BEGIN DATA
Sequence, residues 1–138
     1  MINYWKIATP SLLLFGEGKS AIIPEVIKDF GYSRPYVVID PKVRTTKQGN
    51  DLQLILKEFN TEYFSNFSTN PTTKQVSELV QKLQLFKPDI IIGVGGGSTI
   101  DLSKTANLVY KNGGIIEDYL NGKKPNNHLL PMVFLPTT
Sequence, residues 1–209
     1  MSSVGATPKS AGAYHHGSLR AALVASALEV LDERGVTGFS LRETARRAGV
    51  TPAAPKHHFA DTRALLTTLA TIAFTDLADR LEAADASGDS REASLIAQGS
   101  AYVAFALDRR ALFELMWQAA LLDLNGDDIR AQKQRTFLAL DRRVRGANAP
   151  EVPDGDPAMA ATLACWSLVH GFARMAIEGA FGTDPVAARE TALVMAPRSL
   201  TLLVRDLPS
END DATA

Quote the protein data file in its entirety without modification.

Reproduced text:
Sequence, residues 1–138
     1  MINYWKIATP SLLLFGEGKS AIIPEVIKDF GYSRPYVVID PKVRTTKQGN
    51  DLQLILKEFN TEYFSNFSTN PTTKQVSELV QKLQLFKPDI IIGVGGGSTI
   101  DLSKTANLVY KNGGIIEDYL NGKKPNNHLL PMVFLPTT
Sequence, residues 1–209
     1  MSSVGATPKS AGAYHHGSLR AALVASALEV LDERGVTGFS LRETARRAGV
    51  TPAAPKHHFA DTRALLTTLA TIAFTDLADR LEAADASGDS REASLIAQGS
   101  AYVAFALDRR ALFELMWQAA LLDLNGDDIR AQKQRTFLAL DRRVRGANAP
   151  EVPDGDPAMA ATLACWSLVH GFARMAIEGA FGTDPVAARE TALVMAPRSL
   201  TLLVRDLPS